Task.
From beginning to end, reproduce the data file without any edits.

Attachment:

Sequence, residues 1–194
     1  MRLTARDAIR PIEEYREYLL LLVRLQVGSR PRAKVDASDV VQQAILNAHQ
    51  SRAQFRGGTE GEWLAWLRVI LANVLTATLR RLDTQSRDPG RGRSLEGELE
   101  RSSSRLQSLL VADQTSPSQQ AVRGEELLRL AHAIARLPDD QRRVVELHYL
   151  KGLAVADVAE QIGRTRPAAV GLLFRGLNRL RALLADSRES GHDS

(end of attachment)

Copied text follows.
Sequence, residues 1–194
     1  MRLTARDAIR PIEEYREYLL LLVRLQVGSR PRAKVDASDV VQQAILNAHQ
    51  SRAQFRGGTE GEWLAWLRVI LANVLTATLR RLDTQSRDPG RGRSLEGELE
   101  RSSSRLQSLL VADQTSPSQQ AVRGEELLRL AHAIARLPDD QRRVVELHYL
   151  KGLAVADVAE QIGRTRPAAV GLLFRGLNRL RALLADSRES GHDS